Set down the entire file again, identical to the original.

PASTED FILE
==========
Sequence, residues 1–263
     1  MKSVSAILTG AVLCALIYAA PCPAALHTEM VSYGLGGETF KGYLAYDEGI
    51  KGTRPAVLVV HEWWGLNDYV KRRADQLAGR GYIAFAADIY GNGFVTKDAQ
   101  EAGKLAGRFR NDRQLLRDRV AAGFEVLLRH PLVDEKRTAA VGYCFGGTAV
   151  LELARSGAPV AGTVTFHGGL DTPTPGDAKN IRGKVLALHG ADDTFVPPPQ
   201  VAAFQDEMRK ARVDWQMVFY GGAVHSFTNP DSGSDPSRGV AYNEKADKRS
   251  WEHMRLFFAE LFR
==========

Sequence, residues 1–263
     1  MKSVSAILTG AVLCALIYAA PCPAALHTEM VSYGLGGETF KGYLAYDEGI
    51  KGTRPAVLVV HEWWGLNDYV KRRADQLAGR GYIAFAADIY GNGFVTKDAQ
   101  EAGKLAGRFR NDRQLLRDRV AAGFEVLLRH PLVDEKRTAA VGYCFGGTAV
   151  LELARSGAPV AGTVTFHGGL DTPTPGDAKN IRGKVLALHG ADDTFVPPPQ
   201  VAAFQDEMRK ARVDWQMVFY GGAVHSFTNP DSGSDPSRGV AYNEKADKRS
   251  WEHMRLFFAE LFR